I first glimpse Schwarzenegger through the windows of his office. His 215-pound, six-foot-two bulk towers over a knot of Asian businessmen-types who are gathered around him, staring up with moony, star-struck grins at the gilt-edged Gulliver recently declared second only to Tom Cruise as Hollywood's most bankable overseas attraction. Up close, the 42-year-old Schwarzenegger appears more, well, realistic! than he did earlier in his well-oiled-pecs-and-codpiece Conan days. With his hair expertly shaded, his skin practically translucent, his gaze clear and utterly remote, he offers a firm handshake and flashes half of his wall-of-teeth grin. Then he slips into a chair behind his massive desk.

On the wall behind him, Warhol's silkscreen rendition of Maria Shriver stares out like a pop goddess torn from the pages of an Italian fumetti comic. There are fussily arranged shelves of improbably fancy smoking pipes and framed photographs of Schwarzenegger's salt-of-the-earth-type mother as well as assorted liberal Kennedys cheek-by-jowl with various Fortune 500-type Republicans. There's also a humidor stocked with the long, ebony, $30 Davidoff stogies favored by the man George Bush recently appointed to chair his Council on Physical Fitness.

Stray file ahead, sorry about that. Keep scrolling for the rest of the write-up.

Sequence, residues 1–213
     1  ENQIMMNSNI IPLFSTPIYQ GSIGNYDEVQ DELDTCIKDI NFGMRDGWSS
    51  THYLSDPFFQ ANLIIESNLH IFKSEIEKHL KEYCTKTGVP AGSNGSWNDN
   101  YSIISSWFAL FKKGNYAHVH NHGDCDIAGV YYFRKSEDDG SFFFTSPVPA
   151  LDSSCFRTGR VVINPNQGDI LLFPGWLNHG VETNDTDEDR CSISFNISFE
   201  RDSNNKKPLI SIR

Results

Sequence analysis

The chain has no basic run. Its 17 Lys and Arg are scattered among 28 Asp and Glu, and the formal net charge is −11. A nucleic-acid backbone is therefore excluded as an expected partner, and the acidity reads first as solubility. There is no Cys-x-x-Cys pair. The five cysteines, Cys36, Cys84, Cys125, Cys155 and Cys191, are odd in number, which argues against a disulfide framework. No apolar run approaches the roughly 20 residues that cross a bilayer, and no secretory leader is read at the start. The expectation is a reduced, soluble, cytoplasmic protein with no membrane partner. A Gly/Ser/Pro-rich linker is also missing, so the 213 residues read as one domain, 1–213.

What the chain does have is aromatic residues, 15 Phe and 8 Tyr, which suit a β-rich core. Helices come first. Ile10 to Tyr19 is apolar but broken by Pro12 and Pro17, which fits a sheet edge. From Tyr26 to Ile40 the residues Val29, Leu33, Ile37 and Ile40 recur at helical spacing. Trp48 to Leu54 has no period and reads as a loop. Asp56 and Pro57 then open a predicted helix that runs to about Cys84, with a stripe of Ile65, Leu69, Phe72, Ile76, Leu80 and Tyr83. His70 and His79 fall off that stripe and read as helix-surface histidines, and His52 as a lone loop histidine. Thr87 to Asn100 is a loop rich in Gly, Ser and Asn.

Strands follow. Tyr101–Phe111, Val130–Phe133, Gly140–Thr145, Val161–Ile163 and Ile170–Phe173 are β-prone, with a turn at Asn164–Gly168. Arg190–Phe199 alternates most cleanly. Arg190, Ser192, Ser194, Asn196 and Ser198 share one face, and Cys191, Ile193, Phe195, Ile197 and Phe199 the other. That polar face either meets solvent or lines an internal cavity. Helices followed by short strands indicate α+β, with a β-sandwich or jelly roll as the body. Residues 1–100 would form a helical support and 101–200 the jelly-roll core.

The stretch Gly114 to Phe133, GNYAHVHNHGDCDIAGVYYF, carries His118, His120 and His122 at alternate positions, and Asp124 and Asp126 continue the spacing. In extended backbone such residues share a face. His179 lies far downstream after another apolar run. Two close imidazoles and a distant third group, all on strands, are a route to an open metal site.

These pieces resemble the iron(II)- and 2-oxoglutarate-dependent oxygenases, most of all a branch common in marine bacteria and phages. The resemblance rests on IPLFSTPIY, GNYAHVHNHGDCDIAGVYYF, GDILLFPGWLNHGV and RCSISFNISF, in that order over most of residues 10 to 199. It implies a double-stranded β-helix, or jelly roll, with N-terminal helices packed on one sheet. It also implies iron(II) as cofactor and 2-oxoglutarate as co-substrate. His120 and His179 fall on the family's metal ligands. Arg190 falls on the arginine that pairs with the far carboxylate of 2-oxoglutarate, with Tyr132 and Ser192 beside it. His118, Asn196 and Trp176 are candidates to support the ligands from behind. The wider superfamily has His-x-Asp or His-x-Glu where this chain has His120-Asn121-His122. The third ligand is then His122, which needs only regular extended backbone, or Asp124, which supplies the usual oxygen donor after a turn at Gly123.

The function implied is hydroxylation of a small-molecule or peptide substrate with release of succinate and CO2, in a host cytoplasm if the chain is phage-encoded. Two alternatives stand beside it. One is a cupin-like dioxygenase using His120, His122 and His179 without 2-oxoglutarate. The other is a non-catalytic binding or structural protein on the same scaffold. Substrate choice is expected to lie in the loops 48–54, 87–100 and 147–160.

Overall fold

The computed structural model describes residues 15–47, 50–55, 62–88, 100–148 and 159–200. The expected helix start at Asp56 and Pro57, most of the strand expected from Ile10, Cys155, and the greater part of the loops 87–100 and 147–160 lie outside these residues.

"The tea is cold," Schwarzenegger croaks in a disembodied monotone, summoning his assistant to attend to the outsized teacup in front of him, which could comfortably accommodate a family of goldfish. "And will you turn off the radio? And close the curtains, too?" He half-smiles, as if to signal that he may be spoofing his early Hollywood reputation for being a moody control freak. No dice. Schwarzenegger has honed his acting chops since Conan the Barbarian director John Milius declared him "not a natural," but one can still hear whirrs and clicks when he shifts expressions.

For that matter one can almost hear the doors slam shut whenever a topic arises that does not scan with Schwarzenegger's interview program. Take Total Recall, the main reason Schwarzenegger has agreed to talk. His placid grin congeals slightly when he is reminded that street talk has the movie weighing-in at $73 million--maybe the most expensive film, ever. "Every studio in town has an expensive movie this summer," Schwarzenegger says, after a moment. "What it really comes down to is whether the movie is expensive and still turns out to be nonsense and sh*t. Did anyone complain that the first Back to the Future was expensive? Or that Roger Rabbit's budget was so hideous nobody even knows it?"

I ask Schwarzenegger how much the movie did cost. "Our movie would have been $70 million if it had been shot in L.A. We shot in Mexico and we ended up at almost $50 million. Every studio in town is pointing fingers at each other saying, 'We're all right because they have the most expensive movie of the summer.' "